6 subway to Astor Place
New York, NY, 10003
(212) 598-3040



33 COMMENTS SO FAR...

Robyn says on August 29th, 2005 at 1:53 am:

Oo, I love daifuku (I’m sure I’d eat up all of the ones you made, heehee) but I’ve never made it. Now I might have to try it, although that would result in me eating lots of daifuku.

Kate B. says on August 29th, 2005 at 6:00 am:

KELLI! THAT’S IT!!! You need to open you own WAGASHI STORE IN NY!!!!! I said it first! Remember me when you’re famous!!!!!!!!!!! :) :) :) :) :)

Karen says on August 29th, 2005 at 8:24 am:

Good luck with your searches! I’ve been trying to find English books about how to make wagashi for a while now and have yet to find one. All the Japanese bookstores in the city have them in Japanese but nothing in English. If you go to Kinokuniya (two doors down from Minamoto Kitchoan) and check out a few of their English cookbooks, there may be one or two mochi recipes in the back. The one that I have, “Cafe Japan” by Emi Kazuko, has I think one recipe for either daifuku or mochi somewhere in there.

Becky says on August 29th, 2005 at 10:32 am:

Is Daifuku the same as Mochi? I have a mochi cookbook that was given to me when I was living in Hawaii. I have never used it or even looked through it really. I’ll look at it tonight and see if it has anything helpful.

Kate B. says on August 29th, 2005 at 11:02 am:

Mochi, gochi, rochi, gnochi :p

Kristin says on August 29th, 2005 at 11:30 am:

The hearts look fun for Valentine’s day and the three flour balls look like the start of a snowman. I say you can make these fun for any holiday! Good work.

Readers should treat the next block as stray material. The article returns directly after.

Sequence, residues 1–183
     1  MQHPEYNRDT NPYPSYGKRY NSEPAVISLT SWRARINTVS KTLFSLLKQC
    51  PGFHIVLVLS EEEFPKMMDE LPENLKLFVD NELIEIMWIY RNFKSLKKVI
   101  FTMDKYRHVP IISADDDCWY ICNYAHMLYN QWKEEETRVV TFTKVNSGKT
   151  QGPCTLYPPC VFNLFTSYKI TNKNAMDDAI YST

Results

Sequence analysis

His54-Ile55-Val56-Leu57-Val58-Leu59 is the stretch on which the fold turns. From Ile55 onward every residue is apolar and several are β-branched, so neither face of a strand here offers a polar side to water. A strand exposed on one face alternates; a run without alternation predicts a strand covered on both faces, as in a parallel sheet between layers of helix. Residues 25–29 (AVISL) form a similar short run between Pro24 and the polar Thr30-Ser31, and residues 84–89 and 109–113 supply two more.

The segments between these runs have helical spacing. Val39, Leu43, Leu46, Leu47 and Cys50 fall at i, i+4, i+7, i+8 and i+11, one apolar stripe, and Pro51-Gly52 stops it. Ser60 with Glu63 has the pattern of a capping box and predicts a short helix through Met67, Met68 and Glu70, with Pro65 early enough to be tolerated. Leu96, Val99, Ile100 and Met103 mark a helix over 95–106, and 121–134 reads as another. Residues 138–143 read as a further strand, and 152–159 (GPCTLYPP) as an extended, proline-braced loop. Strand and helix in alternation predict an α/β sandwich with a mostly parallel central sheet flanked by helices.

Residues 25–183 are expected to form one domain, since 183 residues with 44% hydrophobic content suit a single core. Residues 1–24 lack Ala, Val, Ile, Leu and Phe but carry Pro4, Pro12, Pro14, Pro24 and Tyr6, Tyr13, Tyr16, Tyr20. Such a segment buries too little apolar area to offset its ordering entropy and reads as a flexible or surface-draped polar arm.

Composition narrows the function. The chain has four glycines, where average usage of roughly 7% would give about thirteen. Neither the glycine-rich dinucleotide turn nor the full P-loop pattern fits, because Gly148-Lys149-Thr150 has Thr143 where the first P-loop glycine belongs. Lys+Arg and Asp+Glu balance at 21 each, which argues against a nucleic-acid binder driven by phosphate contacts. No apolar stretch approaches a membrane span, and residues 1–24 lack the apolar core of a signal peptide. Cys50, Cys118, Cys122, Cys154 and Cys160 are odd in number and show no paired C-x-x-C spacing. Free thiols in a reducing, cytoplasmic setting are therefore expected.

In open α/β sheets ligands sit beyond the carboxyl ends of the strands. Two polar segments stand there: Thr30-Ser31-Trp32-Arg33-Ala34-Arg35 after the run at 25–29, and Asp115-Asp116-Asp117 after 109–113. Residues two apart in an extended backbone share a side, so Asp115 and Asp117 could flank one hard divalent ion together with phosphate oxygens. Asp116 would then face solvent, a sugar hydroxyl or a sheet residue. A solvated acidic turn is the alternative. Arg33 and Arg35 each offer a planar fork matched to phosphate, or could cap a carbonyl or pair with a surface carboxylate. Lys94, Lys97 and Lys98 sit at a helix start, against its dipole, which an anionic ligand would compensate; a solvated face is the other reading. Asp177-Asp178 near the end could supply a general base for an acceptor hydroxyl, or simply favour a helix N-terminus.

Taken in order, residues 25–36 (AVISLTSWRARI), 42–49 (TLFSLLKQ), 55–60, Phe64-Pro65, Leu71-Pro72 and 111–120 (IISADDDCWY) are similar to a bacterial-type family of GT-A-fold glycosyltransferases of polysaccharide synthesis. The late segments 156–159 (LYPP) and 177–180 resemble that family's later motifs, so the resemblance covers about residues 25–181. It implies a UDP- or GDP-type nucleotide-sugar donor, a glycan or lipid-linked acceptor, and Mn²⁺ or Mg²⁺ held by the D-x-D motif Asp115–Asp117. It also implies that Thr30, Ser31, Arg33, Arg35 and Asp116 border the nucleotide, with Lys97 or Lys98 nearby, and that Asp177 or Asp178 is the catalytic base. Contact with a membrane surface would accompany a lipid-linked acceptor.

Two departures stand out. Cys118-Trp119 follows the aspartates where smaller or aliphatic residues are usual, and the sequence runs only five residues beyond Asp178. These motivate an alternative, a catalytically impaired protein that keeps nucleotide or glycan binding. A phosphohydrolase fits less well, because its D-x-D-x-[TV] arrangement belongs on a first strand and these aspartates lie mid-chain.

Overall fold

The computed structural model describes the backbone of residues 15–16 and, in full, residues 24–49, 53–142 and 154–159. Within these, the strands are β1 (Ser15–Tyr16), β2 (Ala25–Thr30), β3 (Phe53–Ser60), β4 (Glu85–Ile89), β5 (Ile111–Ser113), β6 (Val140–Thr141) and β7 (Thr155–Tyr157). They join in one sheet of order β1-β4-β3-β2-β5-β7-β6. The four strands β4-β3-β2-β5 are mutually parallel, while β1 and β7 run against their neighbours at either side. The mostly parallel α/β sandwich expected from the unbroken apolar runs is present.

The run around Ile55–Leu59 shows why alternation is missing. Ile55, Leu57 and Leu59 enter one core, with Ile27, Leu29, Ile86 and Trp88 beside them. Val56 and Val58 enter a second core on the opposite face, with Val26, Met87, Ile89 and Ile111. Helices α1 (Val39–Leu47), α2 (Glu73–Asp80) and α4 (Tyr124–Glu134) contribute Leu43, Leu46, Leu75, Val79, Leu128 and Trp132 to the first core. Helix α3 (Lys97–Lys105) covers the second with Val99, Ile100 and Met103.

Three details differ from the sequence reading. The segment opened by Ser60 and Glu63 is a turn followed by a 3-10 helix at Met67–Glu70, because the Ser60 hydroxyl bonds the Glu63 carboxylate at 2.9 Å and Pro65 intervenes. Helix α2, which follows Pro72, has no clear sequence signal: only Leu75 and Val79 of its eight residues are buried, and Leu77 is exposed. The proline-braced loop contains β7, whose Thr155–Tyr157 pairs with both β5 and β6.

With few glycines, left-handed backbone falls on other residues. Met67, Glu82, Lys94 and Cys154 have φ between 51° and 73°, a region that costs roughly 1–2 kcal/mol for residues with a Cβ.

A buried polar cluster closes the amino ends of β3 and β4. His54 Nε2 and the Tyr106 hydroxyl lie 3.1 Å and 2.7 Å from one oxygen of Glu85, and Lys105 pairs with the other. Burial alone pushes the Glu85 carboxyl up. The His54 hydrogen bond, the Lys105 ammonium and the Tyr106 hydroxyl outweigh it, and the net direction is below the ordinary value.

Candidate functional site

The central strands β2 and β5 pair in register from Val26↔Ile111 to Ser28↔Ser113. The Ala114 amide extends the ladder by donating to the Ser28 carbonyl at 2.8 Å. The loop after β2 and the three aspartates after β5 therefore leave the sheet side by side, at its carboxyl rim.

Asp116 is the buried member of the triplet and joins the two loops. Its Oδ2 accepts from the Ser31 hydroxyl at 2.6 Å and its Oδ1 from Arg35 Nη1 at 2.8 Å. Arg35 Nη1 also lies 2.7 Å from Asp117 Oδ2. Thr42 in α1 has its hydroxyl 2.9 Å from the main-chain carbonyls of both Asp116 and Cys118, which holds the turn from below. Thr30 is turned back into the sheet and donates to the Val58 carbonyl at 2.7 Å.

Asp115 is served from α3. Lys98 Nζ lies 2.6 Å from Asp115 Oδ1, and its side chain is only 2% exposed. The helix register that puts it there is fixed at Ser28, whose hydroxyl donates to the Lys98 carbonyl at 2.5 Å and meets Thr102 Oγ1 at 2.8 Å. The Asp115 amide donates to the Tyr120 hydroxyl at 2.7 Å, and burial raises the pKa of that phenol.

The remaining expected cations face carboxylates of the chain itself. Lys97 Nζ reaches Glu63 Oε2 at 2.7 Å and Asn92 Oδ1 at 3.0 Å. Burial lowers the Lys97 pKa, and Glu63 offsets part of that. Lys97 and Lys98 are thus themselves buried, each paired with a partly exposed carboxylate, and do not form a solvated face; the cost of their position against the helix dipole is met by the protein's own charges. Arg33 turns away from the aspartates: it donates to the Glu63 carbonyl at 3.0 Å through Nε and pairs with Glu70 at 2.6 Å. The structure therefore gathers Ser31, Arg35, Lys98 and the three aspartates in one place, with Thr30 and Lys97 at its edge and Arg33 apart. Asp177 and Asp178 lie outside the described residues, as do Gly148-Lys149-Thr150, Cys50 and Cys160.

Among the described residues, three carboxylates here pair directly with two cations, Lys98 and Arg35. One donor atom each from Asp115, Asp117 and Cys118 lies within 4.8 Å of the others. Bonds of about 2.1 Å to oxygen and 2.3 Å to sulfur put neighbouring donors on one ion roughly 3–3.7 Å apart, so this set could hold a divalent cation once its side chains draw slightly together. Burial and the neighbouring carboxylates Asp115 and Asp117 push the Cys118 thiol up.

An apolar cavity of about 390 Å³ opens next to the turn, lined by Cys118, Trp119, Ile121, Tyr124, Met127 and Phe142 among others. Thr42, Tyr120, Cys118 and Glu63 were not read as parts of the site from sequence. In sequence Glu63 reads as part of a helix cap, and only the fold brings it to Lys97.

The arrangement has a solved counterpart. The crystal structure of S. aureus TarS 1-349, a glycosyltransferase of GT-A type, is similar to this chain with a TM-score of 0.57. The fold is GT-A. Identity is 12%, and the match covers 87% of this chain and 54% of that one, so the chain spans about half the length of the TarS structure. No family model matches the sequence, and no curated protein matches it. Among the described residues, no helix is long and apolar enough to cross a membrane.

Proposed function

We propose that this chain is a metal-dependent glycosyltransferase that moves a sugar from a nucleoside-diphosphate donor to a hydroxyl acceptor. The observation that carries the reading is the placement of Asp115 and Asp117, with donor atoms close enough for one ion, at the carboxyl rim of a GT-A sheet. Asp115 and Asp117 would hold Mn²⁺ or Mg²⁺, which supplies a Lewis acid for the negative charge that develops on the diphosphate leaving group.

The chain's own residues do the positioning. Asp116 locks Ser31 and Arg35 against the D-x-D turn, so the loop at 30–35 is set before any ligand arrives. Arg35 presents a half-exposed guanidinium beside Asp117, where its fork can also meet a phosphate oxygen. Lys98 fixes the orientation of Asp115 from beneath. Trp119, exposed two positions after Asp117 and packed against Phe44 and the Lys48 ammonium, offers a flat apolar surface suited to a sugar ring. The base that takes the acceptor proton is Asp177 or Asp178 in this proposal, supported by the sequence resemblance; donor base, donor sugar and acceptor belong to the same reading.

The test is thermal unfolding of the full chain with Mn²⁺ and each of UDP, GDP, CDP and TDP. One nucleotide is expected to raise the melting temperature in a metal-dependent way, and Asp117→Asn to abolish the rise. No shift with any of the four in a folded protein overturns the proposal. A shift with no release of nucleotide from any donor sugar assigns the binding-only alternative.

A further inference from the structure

Mariko says on August 29th, 2005 at 1:29 pm:

I have tried making wagashi before. There are definitely some tricks to it that I haven’t figured out! One helpful book is Hawaii’s Best Mochi Recipes (ISBN 1-56647-336-5) by Jean Watanabe Hee. I got it on ebay. A lot of the recipes are not traditional, but there are a couple in there, and the book gives you a good feel for the basics. GOOD LUCK! I LOVE LOVE LOVE manju.

Clarice Park says on August 29th, 2005 at 2:11 pm:

Growing up, I used to call them red bean balls for lack of a better word. It’s good to know that what I’ve been eating and loving is called something more befitting to its taste! And I’m glad that Andrew is doing his share of the baking, too. I still haven’t forgotten his Kraft Cheese sandwiches on white – sans mayo, meat, and everything else :)

Kelli says on August 29th, 2005 at 3:25 pm:

Hi Everyone — Thank you for the book recommendations. I will investigate them immediately!

Karen — Thanks for the recommendation for Kinokuniya. They are a great bookstore, but surprisingly have very little on Wagashi. I found 2 books that talked about seasonal flavors, but no recipes. I have also been to the book store on 41st by Bryant Park (maybe the name of it is Book Off??) and looked through amazing Japanese cookbooks. I can see the wagashi in pictures, but can’t read a single thing! I feel like it’s a secret code that I need to break. If only I could read Japanese.

Becky — I believe Mochi refers to the rice cake around the filling, so in that way it is similar.

Kate — I would LOVE to have a wagashi place. I better get started on the decade long training :)

Clarice — I would still call them red bean balls, it’s so easy to remember! Yes, Andrew is quite skilled at sandwiches. I see it’s a talent he’s had since youth!

Carrie says on August 29th, 2005 at 11:39 pm:

Hi Kelli,